The Silent Scriptures
Posted on 22 June 2017
History has shaped how we perceive each other and how we evaluate our past. So it did with carpets. Ask any person about carpets and they will, for sure, know about Persian carpets and their value. Most wealthy people tend to dress their houses with carpets linked to Persia or Anatolia. If you visit antique stores in Paris ,for example, you will see Persian carpets showcased and exposed to the buyers’ eye while the Atlas handmade ones lay on a dark side of the room ,and when asked about them, the dealer will try his best to omit the word Maghreb or Amazigh and will focus on the carpets similarities to a Kilim.
It’s still a mystery, why such beautiful handmade chef d’oeuvre aren’t given the appropriate attention and study from the rug dealers and collectors. The only one making its way toward such consideration are the Ben Ourain rugs, known for their symmetrical black triangles and white back ground. very solicited by minimalistic designers. While the real northern African signature rugs stay on the back burner waiting on a chance to shine and share their exquisite uniqueness with the world.
Most rug buyers and dealers in Northern Africa have turned into answering the European markets’ demands instead of making an effort to introduce the unsymmetrical, savage, color daring designs the Atlas mountains’ tribes have been making for as long as they can remember.
The Amazigh carpets require a certain degree of curiosity and a longing to decipher the micro and macro symbols they hold within their design. They all convey a message and share a story. The lack of studies/interest on the subject had transformed the rug industry in Northern Africa into a chain factory whereby rugs are made using the known patterns without considering the meaning behind each one of them.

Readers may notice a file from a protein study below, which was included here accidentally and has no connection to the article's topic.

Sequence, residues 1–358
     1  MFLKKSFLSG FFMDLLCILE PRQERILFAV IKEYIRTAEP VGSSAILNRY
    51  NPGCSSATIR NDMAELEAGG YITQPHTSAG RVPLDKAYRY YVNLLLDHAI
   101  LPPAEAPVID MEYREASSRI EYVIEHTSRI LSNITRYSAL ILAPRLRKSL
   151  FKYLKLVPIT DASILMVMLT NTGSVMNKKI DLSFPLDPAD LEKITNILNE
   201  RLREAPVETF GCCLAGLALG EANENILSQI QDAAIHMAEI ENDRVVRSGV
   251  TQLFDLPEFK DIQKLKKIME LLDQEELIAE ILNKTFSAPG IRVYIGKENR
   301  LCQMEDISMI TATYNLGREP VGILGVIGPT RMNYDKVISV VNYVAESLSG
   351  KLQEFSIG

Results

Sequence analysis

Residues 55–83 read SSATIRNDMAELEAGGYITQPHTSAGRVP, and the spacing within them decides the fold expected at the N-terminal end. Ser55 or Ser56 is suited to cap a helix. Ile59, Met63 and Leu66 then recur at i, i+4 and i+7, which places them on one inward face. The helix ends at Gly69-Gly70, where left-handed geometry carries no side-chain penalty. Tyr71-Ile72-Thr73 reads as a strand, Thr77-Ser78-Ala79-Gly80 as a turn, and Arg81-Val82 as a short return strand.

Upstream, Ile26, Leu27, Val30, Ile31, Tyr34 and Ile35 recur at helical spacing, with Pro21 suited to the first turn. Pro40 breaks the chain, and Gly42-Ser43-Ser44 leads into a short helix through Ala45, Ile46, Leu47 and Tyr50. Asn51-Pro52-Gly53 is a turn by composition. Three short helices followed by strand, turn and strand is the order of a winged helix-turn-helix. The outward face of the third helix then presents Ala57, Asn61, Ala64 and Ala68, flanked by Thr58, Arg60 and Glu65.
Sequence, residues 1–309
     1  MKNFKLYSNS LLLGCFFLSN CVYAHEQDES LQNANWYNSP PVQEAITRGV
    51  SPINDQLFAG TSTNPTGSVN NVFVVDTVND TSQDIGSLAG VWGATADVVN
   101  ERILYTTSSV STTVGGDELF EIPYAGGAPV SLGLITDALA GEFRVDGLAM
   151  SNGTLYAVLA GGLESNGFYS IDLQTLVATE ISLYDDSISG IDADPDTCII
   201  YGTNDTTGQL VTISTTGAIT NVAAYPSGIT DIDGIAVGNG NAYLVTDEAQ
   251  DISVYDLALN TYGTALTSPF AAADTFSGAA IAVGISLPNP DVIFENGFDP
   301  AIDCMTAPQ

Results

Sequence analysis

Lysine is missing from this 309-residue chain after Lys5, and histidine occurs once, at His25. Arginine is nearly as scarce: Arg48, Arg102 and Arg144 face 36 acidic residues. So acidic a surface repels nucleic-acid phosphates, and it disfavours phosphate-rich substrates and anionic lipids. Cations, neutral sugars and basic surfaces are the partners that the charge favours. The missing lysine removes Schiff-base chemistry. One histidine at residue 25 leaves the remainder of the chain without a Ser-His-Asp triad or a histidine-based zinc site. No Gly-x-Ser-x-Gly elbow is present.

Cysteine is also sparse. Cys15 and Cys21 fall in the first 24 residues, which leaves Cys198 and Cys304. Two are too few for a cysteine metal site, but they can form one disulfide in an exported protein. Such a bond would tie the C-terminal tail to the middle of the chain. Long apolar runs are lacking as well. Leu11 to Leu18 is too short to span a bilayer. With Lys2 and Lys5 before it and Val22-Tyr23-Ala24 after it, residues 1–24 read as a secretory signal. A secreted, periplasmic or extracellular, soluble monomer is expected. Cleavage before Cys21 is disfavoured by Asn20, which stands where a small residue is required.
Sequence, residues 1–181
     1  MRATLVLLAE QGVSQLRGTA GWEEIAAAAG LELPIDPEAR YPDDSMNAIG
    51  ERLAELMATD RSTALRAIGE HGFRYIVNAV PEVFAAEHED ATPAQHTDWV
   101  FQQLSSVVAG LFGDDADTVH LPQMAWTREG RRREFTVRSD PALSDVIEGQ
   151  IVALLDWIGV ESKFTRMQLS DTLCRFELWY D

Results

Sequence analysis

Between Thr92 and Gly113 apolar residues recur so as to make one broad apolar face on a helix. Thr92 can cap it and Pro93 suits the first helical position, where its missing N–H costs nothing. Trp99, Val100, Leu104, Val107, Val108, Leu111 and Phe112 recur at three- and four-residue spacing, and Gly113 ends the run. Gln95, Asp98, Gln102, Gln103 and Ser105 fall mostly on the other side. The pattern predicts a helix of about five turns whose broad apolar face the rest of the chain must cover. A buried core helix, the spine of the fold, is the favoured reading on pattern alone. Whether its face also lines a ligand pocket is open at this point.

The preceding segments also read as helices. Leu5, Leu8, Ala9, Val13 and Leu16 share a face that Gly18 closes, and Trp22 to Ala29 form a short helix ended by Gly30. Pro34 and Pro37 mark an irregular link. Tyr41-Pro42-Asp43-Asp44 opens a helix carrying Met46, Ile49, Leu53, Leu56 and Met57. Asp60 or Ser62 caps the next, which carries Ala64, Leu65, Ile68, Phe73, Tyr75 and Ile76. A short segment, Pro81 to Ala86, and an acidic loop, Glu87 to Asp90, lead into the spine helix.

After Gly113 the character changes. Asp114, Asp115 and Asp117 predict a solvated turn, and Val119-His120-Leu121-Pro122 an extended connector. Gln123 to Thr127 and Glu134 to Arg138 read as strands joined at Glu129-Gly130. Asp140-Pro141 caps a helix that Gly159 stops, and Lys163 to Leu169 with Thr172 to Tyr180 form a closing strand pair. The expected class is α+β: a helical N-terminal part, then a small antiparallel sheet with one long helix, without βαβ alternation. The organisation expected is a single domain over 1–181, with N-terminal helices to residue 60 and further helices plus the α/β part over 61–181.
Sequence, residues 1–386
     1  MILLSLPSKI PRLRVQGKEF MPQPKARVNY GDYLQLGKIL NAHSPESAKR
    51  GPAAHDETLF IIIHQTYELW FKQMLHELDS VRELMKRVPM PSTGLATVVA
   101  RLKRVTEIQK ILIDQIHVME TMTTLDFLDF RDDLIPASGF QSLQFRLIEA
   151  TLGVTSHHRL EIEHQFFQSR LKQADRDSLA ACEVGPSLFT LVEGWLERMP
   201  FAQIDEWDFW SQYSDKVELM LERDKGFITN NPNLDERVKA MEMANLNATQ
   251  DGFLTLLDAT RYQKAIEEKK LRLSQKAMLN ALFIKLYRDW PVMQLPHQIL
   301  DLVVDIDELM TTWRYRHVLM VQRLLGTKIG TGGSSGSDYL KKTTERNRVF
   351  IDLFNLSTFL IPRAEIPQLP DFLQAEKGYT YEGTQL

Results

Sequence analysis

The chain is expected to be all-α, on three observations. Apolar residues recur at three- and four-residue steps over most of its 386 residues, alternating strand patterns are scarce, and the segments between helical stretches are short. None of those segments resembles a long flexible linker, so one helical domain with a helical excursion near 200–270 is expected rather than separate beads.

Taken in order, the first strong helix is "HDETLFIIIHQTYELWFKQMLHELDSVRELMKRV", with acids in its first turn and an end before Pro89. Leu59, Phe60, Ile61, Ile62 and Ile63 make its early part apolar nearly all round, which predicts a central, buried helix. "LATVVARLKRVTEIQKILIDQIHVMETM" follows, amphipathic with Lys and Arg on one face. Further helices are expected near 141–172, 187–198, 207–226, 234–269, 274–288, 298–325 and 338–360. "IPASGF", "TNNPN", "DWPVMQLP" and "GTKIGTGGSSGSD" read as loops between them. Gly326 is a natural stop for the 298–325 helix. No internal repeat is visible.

While rug weaving was a woman’s job, where she can tell a story she only knew and understands, today’s rug weaving shops use these women as automated workers who execute designs made by the shop’s owner according to what’s popular in the market. The core essence of an Amazigh rug is loosing its essence and transforming a millennial intimate trade into a chain factory.
Nevertheless, we noticed an ongoing effort by a small group of collectors coming into the conclusion of how exquisite and rare are the Amazigh carpets, they launched an effort to buy all the original pieces they can find. Our artisans back in Khenifra can name everyday by the kind of collector showing up for that day’s auction. We witnessed the entire scenario and we are alarmed by the fact that some pieces are so rare that unless the buyer agrees to share pictures of them, we won't be able to study them or reproduce them using the same exact techniques and materials used by the original weaver.
We have been studying the symbology of the Northern African rugs for the last 8 years, and we still at awe of how much we learned and how much we still have to learn in order to deliver a product that responds to an authentic Amazigh carpet. Women are an essential element if not THE essential element to deliver an authentic carpet. Their imagination, involvement, and family history has to be an essential part to the entire process as well as the rituals involved on the making of the rug. The entire process has to follow to a T every single step used by their ancestors and has to give women unlimited freedom to come up with a symbolically coherent story that they want to tell the rest of the world without being vocal or explicit about what they would like to share.
The Amazighen carpets are beautiful art pieces’, not only because of their design, patterns or colors, but also because of their hidden iconographical messages. When you look at such rugs, you can read an entire story, sometimes the weaver exposes several scenarios of how her story will end. It’s a majestic sense of tribal identity and an expression of her womanhood.
Rug weaving in the Atlas Mountains is considered a vital aspect of daily life, it was never intended to be a hobby or a way of making money. It’s literally a secret language that only women understand and pass down to their daughters. In order for such a tradition to survive, we oughta help these women express themselves throughout their carpets, using them as labor or to execute a design made by someone else is sacrilege to their millennial traditions and long-time preserved way of life.